Literary Hub

Take a Literary World Tour Alongside Paul Manafort’s Dirty Money!

Manafort

The first arrests in a major investigation tend to inspire a little soul-searching from all involved. On the one hand, there’s the old adage about indicting a ham sandwich. On the other, seasoned lawmen like Robert Mueller aren’t in the habit of bringing charges they can’t prove, especially when the fate of the country’s democratic experiment may be at stake. Chances are, we’re only at the beginning of a very long and lengthy prosecution during which a great number of officials and Trump hangers-on will present a hard, loyal-to-the-teeth showing for the press, then promptly turn on their old friends and colleagues in exchange for a little time knocked off the sentence plus the faintest of chance of keeping the family home, if not the family yacht. (Somewhere in between, there will be much haggling over the family numbered bank accounts.)

Supposedly, a nervous hush fell over Washington D.C. today as Paul Manafort and his lackey Gates were charged in a 12-count indictment alleging conspiracy against the United States, tax fraud, money laundering, and a string of lies covering the whole thing up. Among the indictment’s many notable features, there’s ample mention of Manafort’s global maneuverings: the many countries where he earned and hid his money, incorporated shell companies, owned homes, and generally worked as a foreign agent doing foreign agent things, like meeting with world leaders and investing heavily in the interior decoration and antique rug business. (The old import/export racket-always a useful cover.)

Now, you could focus on these countries as havens for illicit activity and spend your time reading up (or looking at crazy pictures) on the corrupt international banking and lobbying system for which they serve as pawns. (The list of offshore businesses goes on for about 8 pages.) Or you could use the following weeks, while Manafort sings like the proverbial canary and everyone wonders where the grand jury will strike next, getting to know a few of these locales on a deeper level. Why not read at least one book from each of the countries mentioned in the indictment? Anyway that was our (perhaps wild and caffeine-addled) thought this morning, so we took the liberty of spotlighting one book from each nation where Paul Manafort’s conspiracy (allegedly) reached.

Rose Falling Into Night

Neşe Yaşin, Rose Falling Into Night
(Cyprus)

Yaşin is one of Cyprus’ most widely respected authors, best known for her poetry (the Yaşin’s are a family of poets) and her work in championing reunification. (In 2006, she was the first Turkish Cypriot to run for parliament in over forty years.) Her latest book, Rose Falling Into Night, was released in 2016, featuring the author’s poetry accompanied by illustrations from Hara Savvidou. Yaşin’s work is a lyrical antidote to the nation’s legacy of ethnic division (and its recent status as an offshore haven).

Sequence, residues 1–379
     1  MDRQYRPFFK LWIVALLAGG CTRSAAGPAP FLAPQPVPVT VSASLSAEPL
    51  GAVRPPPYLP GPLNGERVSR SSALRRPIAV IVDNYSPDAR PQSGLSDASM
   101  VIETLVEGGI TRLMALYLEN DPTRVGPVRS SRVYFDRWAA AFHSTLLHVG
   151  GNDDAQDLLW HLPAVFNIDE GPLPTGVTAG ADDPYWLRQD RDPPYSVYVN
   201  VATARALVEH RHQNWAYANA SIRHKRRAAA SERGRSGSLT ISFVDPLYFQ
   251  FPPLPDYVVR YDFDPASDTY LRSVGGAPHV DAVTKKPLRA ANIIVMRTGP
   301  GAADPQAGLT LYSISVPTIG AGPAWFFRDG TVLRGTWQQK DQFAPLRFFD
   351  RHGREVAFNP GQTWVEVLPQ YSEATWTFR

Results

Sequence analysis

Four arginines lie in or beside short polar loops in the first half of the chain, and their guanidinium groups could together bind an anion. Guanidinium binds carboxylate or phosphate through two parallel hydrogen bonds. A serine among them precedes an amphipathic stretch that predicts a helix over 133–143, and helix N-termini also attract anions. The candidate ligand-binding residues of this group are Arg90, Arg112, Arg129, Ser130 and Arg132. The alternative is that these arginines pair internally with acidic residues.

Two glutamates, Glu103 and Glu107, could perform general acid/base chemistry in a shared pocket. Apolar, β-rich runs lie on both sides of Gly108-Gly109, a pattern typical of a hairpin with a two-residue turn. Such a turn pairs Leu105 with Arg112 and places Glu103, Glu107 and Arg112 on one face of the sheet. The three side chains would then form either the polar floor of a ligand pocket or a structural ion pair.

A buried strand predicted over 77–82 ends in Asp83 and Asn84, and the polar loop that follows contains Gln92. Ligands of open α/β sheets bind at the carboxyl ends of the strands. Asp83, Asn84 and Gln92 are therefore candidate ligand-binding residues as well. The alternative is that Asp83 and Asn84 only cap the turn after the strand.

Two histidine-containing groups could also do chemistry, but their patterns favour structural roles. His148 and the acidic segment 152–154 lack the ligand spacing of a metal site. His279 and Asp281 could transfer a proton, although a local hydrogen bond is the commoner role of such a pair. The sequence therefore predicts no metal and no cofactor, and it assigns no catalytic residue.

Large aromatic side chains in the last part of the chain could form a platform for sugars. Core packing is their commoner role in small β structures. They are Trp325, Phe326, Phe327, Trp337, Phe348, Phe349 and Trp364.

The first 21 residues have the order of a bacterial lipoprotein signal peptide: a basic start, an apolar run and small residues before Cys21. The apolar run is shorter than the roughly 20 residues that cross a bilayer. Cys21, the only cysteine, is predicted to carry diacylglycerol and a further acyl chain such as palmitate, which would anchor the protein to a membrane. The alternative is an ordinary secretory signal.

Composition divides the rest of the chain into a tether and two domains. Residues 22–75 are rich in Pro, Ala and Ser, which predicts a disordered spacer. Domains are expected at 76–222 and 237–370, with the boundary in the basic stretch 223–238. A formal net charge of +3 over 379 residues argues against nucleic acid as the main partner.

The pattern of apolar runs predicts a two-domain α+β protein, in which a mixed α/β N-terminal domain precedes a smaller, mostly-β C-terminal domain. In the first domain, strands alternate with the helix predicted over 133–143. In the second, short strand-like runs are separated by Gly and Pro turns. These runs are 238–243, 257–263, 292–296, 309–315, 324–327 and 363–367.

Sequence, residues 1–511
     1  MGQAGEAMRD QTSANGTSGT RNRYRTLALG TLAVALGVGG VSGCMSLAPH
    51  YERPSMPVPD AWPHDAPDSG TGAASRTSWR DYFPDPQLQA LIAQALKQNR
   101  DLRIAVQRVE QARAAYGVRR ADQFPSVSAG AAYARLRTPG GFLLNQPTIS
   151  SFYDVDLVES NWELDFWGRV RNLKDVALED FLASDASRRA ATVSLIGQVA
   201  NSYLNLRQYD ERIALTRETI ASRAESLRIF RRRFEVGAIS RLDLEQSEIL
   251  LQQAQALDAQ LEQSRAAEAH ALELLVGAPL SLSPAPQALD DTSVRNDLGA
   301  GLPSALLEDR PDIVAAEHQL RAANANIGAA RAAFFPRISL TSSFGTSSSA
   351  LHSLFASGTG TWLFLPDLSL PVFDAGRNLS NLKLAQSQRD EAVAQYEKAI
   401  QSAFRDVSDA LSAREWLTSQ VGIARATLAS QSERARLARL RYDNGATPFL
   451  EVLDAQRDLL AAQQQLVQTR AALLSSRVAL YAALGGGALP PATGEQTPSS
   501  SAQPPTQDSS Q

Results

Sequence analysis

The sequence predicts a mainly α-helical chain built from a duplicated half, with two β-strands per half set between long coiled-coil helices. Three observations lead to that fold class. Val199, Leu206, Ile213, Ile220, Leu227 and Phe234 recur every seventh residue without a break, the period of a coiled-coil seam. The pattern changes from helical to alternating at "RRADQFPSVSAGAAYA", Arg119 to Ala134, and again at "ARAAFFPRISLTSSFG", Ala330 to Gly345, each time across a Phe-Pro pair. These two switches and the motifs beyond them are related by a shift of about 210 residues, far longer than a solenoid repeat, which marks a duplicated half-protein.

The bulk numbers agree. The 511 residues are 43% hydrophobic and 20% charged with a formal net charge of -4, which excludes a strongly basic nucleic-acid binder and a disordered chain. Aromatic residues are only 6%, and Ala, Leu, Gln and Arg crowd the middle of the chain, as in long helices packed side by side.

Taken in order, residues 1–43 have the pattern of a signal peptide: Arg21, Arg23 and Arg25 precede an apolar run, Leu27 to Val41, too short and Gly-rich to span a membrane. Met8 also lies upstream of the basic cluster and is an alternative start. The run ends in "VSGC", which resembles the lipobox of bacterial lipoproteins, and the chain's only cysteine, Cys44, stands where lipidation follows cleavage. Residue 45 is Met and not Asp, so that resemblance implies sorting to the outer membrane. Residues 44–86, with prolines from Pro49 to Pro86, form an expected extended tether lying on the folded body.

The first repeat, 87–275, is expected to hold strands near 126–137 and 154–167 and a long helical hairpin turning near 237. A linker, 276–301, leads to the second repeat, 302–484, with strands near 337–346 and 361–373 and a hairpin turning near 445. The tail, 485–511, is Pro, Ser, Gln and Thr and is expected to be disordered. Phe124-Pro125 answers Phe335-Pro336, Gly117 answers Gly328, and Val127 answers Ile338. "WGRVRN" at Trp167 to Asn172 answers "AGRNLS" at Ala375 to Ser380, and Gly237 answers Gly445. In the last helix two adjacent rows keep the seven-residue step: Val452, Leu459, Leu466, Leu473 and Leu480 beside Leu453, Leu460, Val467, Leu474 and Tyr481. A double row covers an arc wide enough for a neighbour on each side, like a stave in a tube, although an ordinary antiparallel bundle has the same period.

Journal of a Superfluous Woman

I.R. King, Journal of a Superfluous Woman
(St. Vincent & The Grenadines)

King’s inclusion on this list feels especially appropriate, since, in addition to her literary pursuits, she’s a certified accountant and serves as the island nation’s permanent representative to the United Nations, where she currently chairs the organization’s administrative and budgetary committee. Her 2003 essay collection, Journal of a Superfluous Woman, followed on the heels of a cancer diagnosis and posed questions about the role of women in a society that still puts the highest premium on marriage and family life.

Contes et poemes de seychelles

Antoine Abel, Contes et poémes des Seychelles
(Seychelles)

Abel is widely celebrated as “the father of Seychelle literature,” creating a poetic space for an exploration of the island’s complicated cultural and racial legacy. His short stories and poems incorporated the island’s customs, folklore, natural beauty and distinct linguistic traits and helped to define the Seychelles’ place in the modern world.

Big Green Tent

Lyudmila Ulitskaya, The Big Green Tent
(Russia)

Yes, it’s a little ludicrous choosing one book from a literary tradition as rich as Russia’s, but for the sake of the exercise let’s go with Ulitskaya’s The Big Green Tent, a wildly ambitious novel that seeks to encompass the history of postwar Soviet/Russian dissidence. Ulitskaya was herself a dissident in Soviet times and remains a powerful voice in opposition to Vladimir Putin’s regime.

Frau Muller

Natalka Sniadanko, Frau Muller Isn’t Disposed to Pay More
(Ukraine)

Sniadanko is a prominent member of Ukraine’s new literary generation. Her 2013 novel (about the life of Ukrainian migrants in Berlin) was named a finalist for the BBC’s Book of the Year award and helped establish the author’s international reputation. In 2015, she wrote passionately about the literary legacy of her home city, Lviv, and of the culture war between pitting Ukraine’s artistic tradition against Russian influence. (That same culture war helped to make Manafort a rich man, it seems.)

Bad Monkey

Carl Hiassen, Bad Monkey
(Florida)

Not technically a foreign country, sure, and not strictly an offshore haven, but the new indictment does give Manafort’s Florida real estate holdings a shout-out, so why not include it here? And who better to represent the state than its reigning king of sleazy scandal and inept cover-ups? In Hiassen’s 2013 novel, a severed arm washes up in the Florida Keys and eventually unravels a scheme involving insurance fraud, real estate development, money laundering, and a capuchin monkey formerly of Pirates of the Caribbean fame. Just your typical Florida crime.

Originally published in Literary Hub.

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